The following DMTs can be initiated in treatment naïve patients based on class1 evidence: IFN-beta, GA, Teriflunomide, and DMF. In patients with needle phobia, or contraindications/ adverse events related to the above DMTs, fingolimod is an acceptable alternative.
In patients with highly active disease, as defined by 2 disabling relapses in one year and the presence of Gd-enhancing lesions and /or high lesion load on baseline MRI, fingolimod, natalizumab, or alemtuzumab may be initiated following careful risk stratification (Serum JCV antibody, prior immunosuppressant use, cardiac disease, diabetes, retinal disorders, previous autoimmune diseases, and thyroid disorders).
If natalizumab is initiated in patients who are seronegative for JCV, it is recommended to test for the antibody every 6months. In patients who are seropositive for JCV or those who seroconvert during therapy, it is recommended to reassess benefit/risk ratio after 2 years of treatment. In patients with prior immunosuppressant use and on natalizumab therapy for more than 2 years, a shift to either alemtuzumab or fingolimod should be considered based on risk stratification

Suboptimal responders with breakthrough disease:
This term has been interchangeably used with treatment failure, or treatment non-responders. We prefer to avoid both terms as they imply that the specific DMT being used has failed, while a certain degree of disease activity is expected with most currently available MS therapies [100]. Certain confounding factors need to be considered before labeling a patient as suboptimal responder, including poor adherence to therapy, and an adequate DMT trial for at least 6-12 months. The advent of more potent therapies has made the “No Evidence of Disease Activity’ endpoint, as defined by absence of relapses, new MRI lesions, and disability progression, more attainable, and raised our level of concern to ongoing clinical or radiological disease activity in patients on DMTs. Although we still lack a clear definition of breakthrough disease, most current criteria are based on clinical relapses, MRI activity, and accumulation of disability. The 2 major efforts in providing evidence-based criteria for breakthrough disease came from Rio and his group [101, 102] and the Canadian Multiple Sclerosis Group (CMSWG) [103, 104]. The CMSWG based their criteria on different levels of concern, reflecting increasing clinical and radiological disease activity. Low, medium, and high levels of concern were defined for clinical relapses, MRI activity, and disability progression. Suboptimal response requiring a change in therapy was defined as the presence of one high, two medium, or three low levels of concern after one year of treatment. Applying the original CMSWG criteria to the PRISMS trial data, 89% of patients labeled as suboptimal responders at the end of the first year of therapy went on to develop significant breakthrough disease in the ensuing 3 years [103]. It is of note that the high level of concern for MRI activity requiring therapy change was defined as ≥ 3 active lesions (enhancing and/or new T2W lesions) [104]. In a recent systematic review of all studies assessing predictors of poor response to IFN-Beta therapy, patients with ≥ 2 new T2 or ≥ 1 gadolinium-enhancing lesions had significantly increased risk of both future relapses and progression [105].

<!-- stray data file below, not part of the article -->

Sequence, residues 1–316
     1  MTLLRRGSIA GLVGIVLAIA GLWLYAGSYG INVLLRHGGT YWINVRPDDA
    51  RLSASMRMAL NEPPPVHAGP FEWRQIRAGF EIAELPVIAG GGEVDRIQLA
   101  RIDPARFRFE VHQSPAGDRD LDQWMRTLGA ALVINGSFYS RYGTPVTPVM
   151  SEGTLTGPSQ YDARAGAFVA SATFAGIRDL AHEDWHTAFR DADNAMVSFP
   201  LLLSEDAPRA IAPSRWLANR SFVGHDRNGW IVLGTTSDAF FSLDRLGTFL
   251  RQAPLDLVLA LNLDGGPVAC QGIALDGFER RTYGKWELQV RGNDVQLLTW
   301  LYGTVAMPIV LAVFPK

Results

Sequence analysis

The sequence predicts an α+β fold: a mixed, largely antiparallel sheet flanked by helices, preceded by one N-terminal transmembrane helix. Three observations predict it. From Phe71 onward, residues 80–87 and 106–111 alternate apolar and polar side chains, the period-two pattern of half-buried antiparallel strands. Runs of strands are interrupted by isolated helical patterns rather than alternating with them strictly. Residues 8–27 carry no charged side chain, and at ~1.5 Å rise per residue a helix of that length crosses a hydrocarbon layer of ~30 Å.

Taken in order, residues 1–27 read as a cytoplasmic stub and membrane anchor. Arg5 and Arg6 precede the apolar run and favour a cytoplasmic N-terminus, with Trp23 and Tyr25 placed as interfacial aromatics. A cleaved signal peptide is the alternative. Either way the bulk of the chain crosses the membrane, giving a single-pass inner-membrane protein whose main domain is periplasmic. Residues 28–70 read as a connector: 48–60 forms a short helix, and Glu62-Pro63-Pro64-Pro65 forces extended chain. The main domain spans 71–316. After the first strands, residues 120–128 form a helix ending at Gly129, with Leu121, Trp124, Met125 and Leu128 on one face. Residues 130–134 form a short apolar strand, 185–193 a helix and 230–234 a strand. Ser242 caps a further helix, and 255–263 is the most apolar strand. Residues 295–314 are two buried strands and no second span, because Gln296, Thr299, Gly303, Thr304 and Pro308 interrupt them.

The modified Rio score was based on statistical modeling using the PRISMS trial data. It was derived from the addition of 2 scores reflecting number of relapses (no relapse=0, 1 relapse=1, ≥ 2 relapses=2) and new T2W lesions (≤ 4 lesions=0, > 4 lesions=1) during the first year of therapy [102]. Progressive disability was not used in the final score as MRI lesions and relapses mediated the full effect on the final outcome. Disability progression in the subsequent 3 years occurred in 65% of patients with a modified Rio score of 2-3, and 24% of patients with a score of 0 at the end of the first year of treatment. Patients with an intermediate score of 1 were further stratified by a follow-up MRI at 18 months. The presence of ≥ 2 new T2W lesions on MRI or ≥ 1 relapse shifted them into the high-risk group [102].

In conclusion, the combined use of clinical and radiological criteria during the first year of therapy is best at identifying non-responders early in the disease course. We recommend that breakthrough disease should be considered in patients with clinically active disease (≥ 1 relapse and/or disability progression) and ≥ 2 active MRI lesions (Gd+ and/or new T2W), or in patients with severe relapses (defined as high concern by the CMSWG) or ≥3 active lesions.

In patients with suboptimal response to first-line therapies as defined above, treatment escalation should be considered. Although no class I evidence supports therapy escalation to any of the currently available DMTs, fingolimod, natalizumab, and alemtuzumab, are all adequate choices based on currently available studies, and post-marketing experience. The choice among them should be based on risk stratification (Serum JCV antibody, prior immunosuppressant use, cardiac disease, diabetes, retinal disorders, previous autoimmune diseases, and thyroid disorders). If natalizumab is initiated in patients who are seronegative for JCV, it is recommended to test for the antibody every 6-months. In patients who are seropositive for JCV or those who seroconvert during therapy, it is recommended to reassess benefit/risk ratio after 2 years of treatment. In patients with prior immunosuppressant use and on natalizumab therapy for more than 2 years, a shift to either alemtuzumab or fingolimod should be considered based on risk stratification. In patients with evidence of clinical and/or radiological disease activity not fulfilling criteria for breakthrough disease, especially those with minor relapses, minimal disability, and full recovery (defined as low concern clinical activity by the CMSWG), lateral switch to another first line DMT with a different mechanism of action may be considered. On the other hand, a watchful period for 6 months with reassessment of risk at 18 months is also acceptable: in patients with ≥ 1 relapse or ≥2 new T2W on MRI, therapy escalation should be considered. In patients with evidence of breakthrough disease on any of the second line medications, a lateral switch should be considered based on the risk stratification strategy mentioned above before resorting to third line medications that are either used off-label such as rituximab or cyclophosphamide, or have a poor safety profile such as mitoxantrone.